It wasn’t a Republican victory

Pro Publica has a good story on how the “Blue Dogs” got slaughtered last night.  22 of them lost re-election and there’s good reason to believe that it says more about them than it does about their opposition.  That accounts for a third of the Republican gains.

The NYT editorial on this is far less terrible than I would have expected:

Voters in Tuesday’s elections sent President Obama a loud message: They don’t like how he’s doing his job, they’re even angrier at Congressional Democrats and they gave the House back to the Republicans. The Republicans spent months fanning Americans’ anger over the economy and fear of “big government,” while offering few ideas of their own. Exit polls indicated that they had succeeded in turning out their base, and that the Democrats had failed to rally their own.

Americans who voted described themselves as far more conservative than they did in 2006 and 2008 — and than the population as a whole. More than 4 in 10 said that they supported the Tea Party movement. But more than half of the voters said they have an unfavorable view of the Republican Party.

So we have some acknowledgment there’s a little more going on than Red Team vs. Blue Team.  Thomas Ferguson and Jie Chen did an analysis of the first “victory” in Massachusetts that predicted what would happen last night pretty well.  The following chart plots towns towns by median income on the x axis and decline in voter turnout between 2004 and 2006 (green dots) and between 2008 and 2010 (blue dots).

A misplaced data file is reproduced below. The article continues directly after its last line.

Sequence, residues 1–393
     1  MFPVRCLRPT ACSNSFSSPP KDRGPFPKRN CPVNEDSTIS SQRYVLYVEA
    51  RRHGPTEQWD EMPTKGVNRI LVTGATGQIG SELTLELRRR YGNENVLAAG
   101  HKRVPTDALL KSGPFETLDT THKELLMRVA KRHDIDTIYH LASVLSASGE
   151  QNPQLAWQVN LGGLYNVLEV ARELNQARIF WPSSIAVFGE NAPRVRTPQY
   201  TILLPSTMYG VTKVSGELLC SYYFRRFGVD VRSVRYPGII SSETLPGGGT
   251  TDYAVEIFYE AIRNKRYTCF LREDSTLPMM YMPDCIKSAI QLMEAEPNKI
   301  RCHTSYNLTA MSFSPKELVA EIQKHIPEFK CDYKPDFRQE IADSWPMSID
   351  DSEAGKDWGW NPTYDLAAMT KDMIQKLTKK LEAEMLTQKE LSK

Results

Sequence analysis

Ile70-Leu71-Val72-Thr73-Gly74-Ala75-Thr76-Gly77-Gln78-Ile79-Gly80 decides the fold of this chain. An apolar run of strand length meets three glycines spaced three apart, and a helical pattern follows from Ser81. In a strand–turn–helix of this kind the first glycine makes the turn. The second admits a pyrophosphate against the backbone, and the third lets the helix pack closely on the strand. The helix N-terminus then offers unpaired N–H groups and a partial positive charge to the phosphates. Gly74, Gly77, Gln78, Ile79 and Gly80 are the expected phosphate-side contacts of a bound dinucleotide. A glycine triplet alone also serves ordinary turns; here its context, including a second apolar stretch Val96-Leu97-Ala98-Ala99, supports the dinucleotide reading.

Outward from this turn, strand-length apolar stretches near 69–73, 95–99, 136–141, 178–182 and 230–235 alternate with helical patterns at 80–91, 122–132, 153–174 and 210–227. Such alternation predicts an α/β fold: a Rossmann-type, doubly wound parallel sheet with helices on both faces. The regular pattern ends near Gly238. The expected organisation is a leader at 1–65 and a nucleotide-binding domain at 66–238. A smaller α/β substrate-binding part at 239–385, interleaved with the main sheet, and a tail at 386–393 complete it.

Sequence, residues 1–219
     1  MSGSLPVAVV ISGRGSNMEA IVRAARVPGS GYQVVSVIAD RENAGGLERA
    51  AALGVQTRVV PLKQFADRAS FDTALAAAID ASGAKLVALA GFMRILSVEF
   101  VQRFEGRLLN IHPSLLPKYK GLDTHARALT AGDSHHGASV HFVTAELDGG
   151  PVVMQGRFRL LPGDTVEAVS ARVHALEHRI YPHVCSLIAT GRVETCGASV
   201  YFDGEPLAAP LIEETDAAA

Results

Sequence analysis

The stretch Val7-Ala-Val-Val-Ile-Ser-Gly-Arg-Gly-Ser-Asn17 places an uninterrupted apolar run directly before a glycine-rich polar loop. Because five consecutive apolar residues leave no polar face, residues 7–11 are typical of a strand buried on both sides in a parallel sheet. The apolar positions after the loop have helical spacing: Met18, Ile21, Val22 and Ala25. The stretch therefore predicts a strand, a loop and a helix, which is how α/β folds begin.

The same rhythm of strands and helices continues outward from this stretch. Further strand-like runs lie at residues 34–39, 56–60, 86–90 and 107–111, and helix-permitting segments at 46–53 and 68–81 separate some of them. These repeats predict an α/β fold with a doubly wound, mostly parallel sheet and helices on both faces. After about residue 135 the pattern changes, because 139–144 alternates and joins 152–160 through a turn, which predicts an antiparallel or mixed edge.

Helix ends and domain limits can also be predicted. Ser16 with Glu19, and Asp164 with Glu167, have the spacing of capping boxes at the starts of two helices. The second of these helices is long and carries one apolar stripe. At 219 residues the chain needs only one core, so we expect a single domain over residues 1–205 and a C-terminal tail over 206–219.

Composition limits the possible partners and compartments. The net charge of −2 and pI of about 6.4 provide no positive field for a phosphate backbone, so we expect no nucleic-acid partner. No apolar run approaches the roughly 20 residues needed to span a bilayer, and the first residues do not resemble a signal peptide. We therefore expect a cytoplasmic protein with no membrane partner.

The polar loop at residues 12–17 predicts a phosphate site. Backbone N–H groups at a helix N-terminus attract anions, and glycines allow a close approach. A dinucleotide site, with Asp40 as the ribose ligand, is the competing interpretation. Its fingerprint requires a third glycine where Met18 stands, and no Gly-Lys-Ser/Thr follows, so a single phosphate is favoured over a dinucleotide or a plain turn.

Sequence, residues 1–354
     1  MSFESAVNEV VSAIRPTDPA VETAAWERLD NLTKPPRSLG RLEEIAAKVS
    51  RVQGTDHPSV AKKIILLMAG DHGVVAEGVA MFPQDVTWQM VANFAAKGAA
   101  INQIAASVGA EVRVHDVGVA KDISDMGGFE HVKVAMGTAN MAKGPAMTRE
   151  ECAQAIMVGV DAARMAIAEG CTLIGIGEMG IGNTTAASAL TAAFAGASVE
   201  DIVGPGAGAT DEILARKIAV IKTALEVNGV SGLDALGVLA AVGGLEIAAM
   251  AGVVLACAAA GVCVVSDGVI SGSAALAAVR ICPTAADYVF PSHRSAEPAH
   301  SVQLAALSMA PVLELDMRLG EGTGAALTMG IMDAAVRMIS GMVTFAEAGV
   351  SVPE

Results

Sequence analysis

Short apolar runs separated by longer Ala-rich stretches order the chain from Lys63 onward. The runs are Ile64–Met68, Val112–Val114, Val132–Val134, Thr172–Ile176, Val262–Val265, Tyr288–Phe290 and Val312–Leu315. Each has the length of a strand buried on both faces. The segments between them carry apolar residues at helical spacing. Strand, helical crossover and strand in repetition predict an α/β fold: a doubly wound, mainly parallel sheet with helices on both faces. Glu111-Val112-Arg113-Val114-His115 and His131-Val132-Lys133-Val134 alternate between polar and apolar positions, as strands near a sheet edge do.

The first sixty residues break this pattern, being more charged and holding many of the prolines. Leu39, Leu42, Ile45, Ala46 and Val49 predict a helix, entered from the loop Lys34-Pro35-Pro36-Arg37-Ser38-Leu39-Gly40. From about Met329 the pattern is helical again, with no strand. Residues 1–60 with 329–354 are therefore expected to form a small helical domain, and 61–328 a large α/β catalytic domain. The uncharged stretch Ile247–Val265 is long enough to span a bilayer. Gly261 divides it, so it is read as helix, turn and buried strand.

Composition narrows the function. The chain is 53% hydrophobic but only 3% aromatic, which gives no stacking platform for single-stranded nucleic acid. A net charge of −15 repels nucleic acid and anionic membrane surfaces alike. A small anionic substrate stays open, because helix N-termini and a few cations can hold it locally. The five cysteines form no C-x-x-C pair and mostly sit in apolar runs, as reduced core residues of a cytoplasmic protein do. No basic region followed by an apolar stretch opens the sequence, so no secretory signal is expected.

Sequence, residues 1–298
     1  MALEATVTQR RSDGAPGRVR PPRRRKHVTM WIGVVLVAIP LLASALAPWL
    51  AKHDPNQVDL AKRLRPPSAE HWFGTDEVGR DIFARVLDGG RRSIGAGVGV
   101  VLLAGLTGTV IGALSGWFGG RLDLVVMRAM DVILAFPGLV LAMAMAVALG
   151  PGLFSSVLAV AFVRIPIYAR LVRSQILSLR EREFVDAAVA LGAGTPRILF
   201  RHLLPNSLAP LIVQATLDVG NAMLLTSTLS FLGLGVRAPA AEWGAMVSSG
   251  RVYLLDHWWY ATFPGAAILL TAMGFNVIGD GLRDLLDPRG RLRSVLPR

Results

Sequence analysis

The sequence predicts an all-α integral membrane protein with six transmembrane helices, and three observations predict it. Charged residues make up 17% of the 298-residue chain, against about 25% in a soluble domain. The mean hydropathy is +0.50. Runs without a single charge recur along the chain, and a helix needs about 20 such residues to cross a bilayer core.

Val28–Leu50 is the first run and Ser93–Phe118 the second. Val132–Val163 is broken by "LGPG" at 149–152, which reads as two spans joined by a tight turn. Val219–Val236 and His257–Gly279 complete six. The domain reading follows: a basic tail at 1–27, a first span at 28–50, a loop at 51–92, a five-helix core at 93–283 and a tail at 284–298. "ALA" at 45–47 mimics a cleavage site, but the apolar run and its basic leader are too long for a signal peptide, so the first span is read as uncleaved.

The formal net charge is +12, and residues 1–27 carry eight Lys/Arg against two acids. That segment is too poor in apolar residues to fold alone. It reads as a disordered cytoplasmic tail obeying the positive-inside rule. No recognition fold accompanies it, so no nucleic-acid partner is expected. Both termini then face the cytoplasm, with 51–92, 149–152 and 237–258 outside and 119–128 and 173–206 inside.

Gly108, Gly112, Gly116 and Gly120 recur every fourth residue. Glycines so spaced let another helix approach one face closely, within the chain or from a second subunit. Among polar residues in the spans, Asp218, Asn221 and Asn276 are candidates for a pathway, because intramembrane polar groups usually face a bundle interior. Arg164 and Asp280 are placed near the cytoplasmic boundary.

You can see that turnout in poorer towns declined much more in both periods, but to an even greater degree in in 2008-2010.  So we have a one-sided drop in turnout resulting from less than inspiring leadership rather than a “shift” towards Republicans.

Ferguson and Chen concluded:

Quite like a hurricane, this tempest has a clear dual structure. Our study suggests that in the eye of the storm – the old Democratic base – an ominous, unnatural calm is settling in that displaces the near-millenarian enthusiasm of 2008. We have seen how the surge in overall voter turnout in the 2010 Senate race disguised a drop in turnout in lower income towns that previously voted heavily Democratic. Recalling one more time the problems with inferences from aggregate data, we think it is safe to conclude that our data are consistent with the claim put forward by the Democratic campaign’s chief pollster, that Obama administration’s unwillingness to face down the banks and slowness in dealing with the recession have demoralized and outraged the party’s electoral base. The disconnect between these disaffected Democrats and the administration and party leaders looks to be deep.

Not a very pretty picture, but at least Gil Scott Heron understands: